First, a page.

Mustard comes in so many more flavors and varieties to match the occasion: yellow mustard, honey mustard, dijon mustard, spicy brown mustard, brown sugar and pecan mustard, sesame ginger mustard, sweet mustard, hot mustard, apple mustard, lemon mustard, apricot-ginger mustard, cranberry mustard, curry mustard, horse radish mustard, habenero mustard, chipotle mustard, bar-b-q mustard, English mustard, Dutch mustard, German mustard, Russian mustard, beer mustard, Jack Daniel’s mustard, etc.  What about ketchup?  It’s pretty much Heinz Ketchup or bust.  Also, what’s up with the whole catsup thing?  Catsup?  Ew, gross.  No thanks.  Way too confusing.  I don’t like to eat condiments that have multiple spellings.  It’s almost as if mustard is the Soccer of condiments.  While Americans prefer ketchup because it’s basic and sugary taste, the rest of the world (and smart people here in the U.S.) enjoy the plentiful and delicious varieties of mustard.  Do you know why?  It’s actually pretty money.

- Donald Duyskavic

 

Hockey Interviews: Entirely Stationary, At Times Dull

Entirely Stationary, At Times Dull
By Pat Mohr

The NHL Playoffs are now and will be until June. In keeping with history, games ended in overtime, injuries were sustained and then persevered through perversely, and beards materialized. Hockey playoffs are perhaps inarguably the most exciting postseason of the four major professional sports. Knobs are turned to 11, with most players carrying wounds that require skin to be sewn together quickly so they can rejoin their team and endure further punishment. Having never had a professional hockey team allegiance, I watch the NHL playoffs as an outsider to the league, but with an appreciation for superhuman athleticism and regard for the basic structures of sport.

As a rational spectator of the NHL playoffs, I assume an equanimity of the unattached. Considering the intensity with which fans of hockey devote to their sport, perhaps equal to the play on the ice, this feels significant. (I have been tackled and then kissed on the mouth by a friend after his team scored a significant game seven goal.) Having friends who are obsessives with their respective hockey teams, I feel more informed than the average fan — i.e. I know more hockey code than some. For instance, I recently learned that it is expected that players who wear a visor on their helmet remove their helmet in anticipation of a fight so punches may be landed on their face without interference of plastic. Such a dichotomy between honor and brutality is what makes hockey compelling. A sport where aggressive, volatile action is the norm, I find the one aspect of the sport that is entirely stationery, at times dull, and common in all aspects of televisual entertainment, to be the most captivating aspect of the hockey playoffs: the player post-game interview.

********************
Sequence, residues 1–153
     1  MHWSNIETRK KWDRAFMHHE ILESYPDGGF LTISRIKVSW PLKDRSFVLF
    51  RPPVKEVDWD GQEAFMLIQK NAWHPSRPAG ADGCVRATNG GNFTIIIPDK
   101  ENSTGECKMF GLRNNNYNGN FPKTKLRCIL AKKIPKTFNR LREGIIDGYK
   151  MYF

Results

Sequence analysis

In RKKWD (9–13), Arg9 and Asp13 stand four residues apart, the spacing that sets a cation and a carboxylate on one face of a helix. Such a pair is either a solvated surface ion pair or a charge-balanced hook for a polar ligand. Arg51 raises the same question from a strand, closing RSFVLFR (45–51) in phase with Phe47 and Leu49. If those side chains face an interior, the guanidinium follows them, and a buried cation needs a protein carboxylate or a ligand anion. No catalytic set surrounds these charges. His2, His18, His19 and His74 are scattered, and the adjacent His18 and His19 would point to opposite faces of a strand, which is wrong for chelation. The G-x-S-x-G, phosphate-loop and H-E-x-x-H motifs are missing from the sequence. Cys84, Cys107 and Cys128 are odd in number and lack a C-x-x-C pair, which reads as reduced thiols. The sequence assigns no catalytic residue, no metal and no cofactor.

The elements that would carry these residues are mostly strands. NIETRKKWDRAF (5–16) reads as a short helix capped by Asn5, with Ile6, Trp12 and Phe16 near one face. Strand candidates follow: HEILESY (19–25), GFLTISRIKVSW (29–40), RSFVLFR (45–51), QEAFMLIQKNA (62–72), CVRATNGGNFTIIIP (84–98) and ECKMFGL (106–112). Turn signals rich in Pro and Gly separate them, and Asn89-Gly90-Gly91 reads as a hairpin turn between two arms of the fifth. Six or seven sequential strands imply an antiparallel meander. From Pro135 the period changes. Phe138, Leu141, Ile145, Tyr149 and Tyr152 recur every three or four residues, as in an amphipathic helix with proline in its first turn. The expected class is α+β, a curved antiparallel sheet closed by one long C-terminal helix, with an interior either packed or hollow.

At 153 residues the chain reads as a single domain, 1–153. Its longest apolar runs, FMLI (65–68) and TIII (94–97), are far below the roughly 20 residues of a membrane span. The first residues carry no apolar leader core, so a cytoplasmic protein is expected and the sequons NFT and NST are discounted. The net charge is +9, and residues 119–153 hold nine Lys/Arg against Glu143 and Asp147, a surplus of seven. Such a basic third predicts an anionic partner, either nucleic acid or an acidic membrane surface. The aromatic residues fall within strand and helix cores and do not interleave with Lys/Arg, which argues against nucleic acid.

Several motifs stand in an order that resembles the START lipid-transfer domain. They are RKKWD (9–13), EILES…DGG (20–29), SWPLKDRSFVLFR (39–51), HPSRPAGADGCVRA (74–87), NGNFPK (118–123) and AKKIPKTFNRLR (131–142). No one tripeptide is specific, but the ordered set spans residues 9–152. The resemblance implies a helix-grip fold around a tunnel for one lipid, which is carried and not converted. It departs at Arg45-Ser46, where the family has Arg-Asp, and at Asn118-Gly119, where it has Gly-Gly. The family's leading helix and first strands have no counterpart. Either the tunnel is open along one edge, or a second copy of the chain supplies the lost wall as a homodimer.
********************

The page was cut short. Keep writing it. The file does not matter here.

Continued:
Hockey player interviews are artful evasions of anything resembling gloating. They celebrate teamwork, are steeped in the technical nuances and jargon of the game, and are reverent to the opposition in what feels like mockery at times. A single post-game player interview can reduce 60 minutes of precision passing, gifted stick-handling, and unimaginable speed of both player and puck to a series of serendipitous and “aw shucks” moments that aggregated to a victory. Having spent a considerable amount of time on YouTube trolling for interviews, I have found what I believe to be the quintessential hockey interviews.

Video 1: Travis Moen with the Anaheim Mighty Ducks

Moen (currently with the Canadiens), who is introduced as a goal scorer on the night, dismisses individual achievement as a product of the system. This is very Hockey. It is also very Marxist.

Video 2: Ales Hemsky with the Edmonton Oilers

If Ales Hemsky’s labored breathing is an indicator of the effort put forth on the ice, then the video production value is an indicator of what feels like a rogue cameraman.

Video 3: Matt Carle with the San Jose Sharks

I chose this clip because of Bill Clement, Canadian-born, and his acknowledgement of Alaska to introduce Matt Carle, who now plays for the Flyers. A polite tip of the hat for a surrogate Canadian province from a commentator who no doubt loves the outdoors — see video 4.

Video 4: Bill Clement of the Woods

This piece couldn’t have come together without the help and guidance of Chris Mitchell and Jonathan Pitts. When you have two standouts like that on a group email chain, these things basically write themselves. Brendan Leonard, whose years of subtle hockey influence, was instrumental in my store of Hockey Code knowledge. What do you say about a guy like that? Also need to thank the editors who work so hard to keep this operating. I was drafted here by Nobody Would Care, it’s a great organization. I’m just glad I can contribute in any way. It’s a real honor.